Commentary

Charity

You do so much for me, thank you

In New Christian thought, “charity” has a significantly different meaning than in the common modern English definition. In Swedenborg's works "charity" is usually the English rendering of the Latin word "caritas", which is also the root of the verb “to care.” If we think of “charity” as “a state of caring,” we can start seeing what Swedenborg was trying to convey.

“Caring” does not necessarily have to be emotional. You can take care of someone you don’t like, you can take care of business or errands or duties that have little or no emotional content. Swedenborg would call these “acts of charity,” things done from a desire to be a good person. But the idea of “caring” can elevate, too: When you care about someone it involves real affection, and to care about an idea or mission implies a deep commitment - it is a feeling, an emotional state. The ultimate state of “caring,” of course, would be caring about all of humanity, wanting what’s best for everyone on the planet. This is what Swedenborg would call “true charity,” and it is marked by love - the love of others. Importantly, though, it can't be left as an abstraction; it needs to be grounded out in action.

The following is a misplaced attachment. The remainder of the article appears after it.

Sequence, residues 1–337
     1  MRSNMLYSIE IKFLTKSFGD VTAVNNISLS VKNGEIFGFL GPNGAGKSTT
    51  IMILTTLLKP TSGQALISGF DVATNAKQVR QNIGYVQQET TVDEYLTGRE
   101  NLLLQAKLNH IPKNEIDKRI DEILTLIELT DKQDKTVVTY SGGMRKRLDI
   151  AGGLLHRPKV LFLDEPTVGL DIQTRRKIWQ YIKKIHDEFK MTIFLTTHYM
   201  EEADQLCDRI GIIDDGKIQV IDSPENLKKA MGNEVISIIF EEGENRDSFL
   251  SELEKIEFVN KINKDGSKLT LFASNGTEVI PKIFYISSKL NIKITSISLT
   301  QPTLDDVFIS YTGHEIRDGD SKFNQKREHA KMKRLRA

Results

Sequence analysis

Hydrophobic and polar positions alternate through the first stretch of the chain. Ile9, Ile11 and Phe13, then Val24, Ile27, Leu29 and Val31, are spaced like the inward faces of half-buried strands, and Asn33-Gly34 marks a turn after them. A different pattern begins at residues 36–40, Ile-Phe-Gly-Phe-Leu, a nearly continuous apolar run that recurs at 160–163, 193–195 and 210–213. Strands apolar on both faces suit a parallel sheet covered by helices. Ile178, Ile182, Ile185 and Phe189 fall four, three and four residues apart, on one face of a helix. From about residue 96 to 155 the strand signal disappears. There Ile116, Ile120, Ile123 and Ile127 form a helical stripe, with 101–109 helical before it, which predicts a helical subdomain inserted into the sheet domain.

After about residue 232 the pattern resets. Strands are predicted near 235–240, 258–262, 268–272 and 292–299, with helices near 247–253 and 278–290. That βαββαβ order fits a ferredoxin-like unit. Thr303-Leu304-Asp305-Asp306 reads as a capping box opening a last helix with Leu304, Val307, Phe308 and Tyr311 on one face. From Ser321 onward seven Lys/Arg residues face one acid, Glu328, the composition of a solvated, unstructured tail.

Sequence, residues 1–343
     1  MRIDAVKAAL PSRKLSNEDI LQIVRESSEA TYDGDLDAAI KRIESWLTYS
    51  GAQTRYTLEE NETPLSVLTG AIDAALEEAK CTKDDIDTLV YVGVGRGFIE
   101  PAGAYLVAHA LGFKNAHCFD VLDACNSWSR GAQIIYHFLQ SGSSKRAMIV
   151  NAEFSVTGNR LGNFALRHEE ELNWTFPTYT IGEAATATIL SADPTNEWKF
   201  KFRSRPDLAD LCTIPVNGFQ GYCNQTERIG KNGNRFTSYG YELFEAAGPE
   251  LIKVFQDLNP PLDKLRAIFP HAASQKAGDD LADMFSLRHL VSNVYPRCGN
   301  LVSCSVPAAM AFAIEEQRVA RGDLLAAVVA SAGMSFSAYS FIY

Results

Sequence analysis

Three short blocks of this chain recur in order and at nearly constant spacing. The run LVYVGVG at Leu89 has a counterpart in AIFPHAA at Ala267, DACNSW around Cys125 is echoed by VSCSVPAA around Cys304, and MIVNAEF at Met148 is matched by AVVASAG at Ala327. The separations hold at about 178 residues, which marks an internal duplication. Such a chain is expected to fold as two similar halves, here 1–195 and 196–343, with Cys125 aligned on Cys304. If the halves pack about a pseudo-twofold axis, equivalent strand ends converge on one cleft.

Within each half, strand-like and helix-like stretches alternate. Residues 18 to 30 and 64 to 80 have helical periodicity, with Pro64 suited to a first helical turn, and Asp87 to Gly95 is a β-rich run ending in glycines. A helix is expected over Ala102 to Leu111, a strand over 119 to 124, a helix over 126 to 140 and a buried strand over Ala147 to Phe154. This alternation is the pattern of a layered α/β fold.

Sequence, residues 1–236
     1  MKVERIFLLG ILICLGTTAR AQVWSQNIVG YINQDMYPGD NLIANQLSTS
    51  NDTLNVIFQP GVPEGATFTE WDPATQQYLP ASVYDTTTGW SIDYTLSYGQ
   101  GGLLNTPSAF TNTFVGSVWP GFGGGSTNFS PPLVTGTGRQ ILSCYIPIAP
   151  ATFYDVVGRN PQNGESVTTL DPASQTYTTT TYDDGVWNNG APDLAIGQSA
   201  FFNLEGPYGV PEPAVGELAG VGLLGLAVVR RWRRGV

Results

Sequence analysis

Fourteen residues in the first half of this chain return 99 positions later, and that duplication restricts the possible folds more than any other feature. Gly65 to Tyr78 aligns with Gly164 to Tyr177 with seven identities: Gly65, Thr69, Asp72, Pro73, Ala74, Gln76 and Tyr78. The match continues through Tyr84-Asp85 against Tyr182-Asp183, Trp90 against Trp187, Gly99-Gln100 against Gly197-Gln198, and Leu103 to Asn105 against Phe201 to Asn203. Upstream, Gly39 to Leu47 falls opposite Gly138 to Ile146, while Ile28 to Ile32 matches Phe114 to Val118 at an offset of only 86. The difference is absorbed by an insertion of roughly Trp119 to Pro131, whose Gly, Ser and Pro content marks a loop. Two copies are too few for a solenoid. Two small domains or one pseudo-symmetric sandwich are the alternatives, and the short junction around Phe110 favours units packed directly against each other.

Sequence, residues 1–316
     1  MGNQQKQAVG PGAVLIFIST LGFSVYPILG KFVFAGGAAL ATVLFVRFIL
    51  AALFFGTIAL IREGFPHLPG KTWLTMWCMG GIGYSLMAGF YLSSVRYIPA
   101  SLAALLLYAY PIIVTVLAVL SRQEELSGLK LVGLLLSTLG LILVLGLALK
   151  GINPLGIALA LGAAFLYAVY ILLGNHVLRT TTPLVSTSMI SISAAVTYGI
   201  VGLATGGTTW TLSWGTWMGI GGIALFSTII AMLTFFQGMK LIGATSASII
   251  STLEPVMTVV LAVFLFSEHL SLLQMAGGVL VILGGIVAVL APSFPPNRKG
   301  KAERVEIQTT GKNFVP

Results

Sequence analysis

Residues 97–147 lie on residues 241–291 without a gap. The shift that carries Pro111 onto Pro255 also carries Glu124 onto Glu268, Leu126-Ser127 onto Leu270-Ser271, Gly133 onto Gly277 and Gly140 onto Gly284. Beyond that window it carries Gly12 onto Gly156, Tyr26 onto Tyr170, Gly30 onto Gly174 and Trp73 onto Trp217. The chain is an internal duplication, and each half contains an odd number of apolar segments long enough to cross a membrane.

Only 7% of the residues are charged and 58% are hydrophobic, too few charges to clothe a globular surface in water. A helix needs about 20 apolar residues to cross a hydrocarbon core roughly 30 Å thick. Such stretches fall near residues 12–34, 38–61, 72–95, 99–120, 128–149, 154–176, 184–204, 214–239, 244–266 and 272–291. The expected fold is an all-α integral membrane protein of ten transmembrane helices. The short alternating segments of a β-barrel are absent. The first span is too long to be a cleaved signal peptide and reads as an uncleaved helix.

Or as Swedenborg puts it in Arcana Coelestia 8033: “Charity is an inward affection consisting in a desire which springs from a person's heart to do good to the neighbour, which is the delight of his life.”

At all these levels, though, charity cannot act on its own. It needs tools.

Imagine, for instance, a young mother falling and breaking her leg. Her four-year-old might love her desperately, but cannot take care of her. A paramedic, meanwhile, might see her as just a case number, but will get her stabilized and delivered to a hospital. The difference, obviously, is knowledge. The paramedic has a bunch of tested, true ideas in her head that give her the capacity to care for the mother; the four-year-old does not.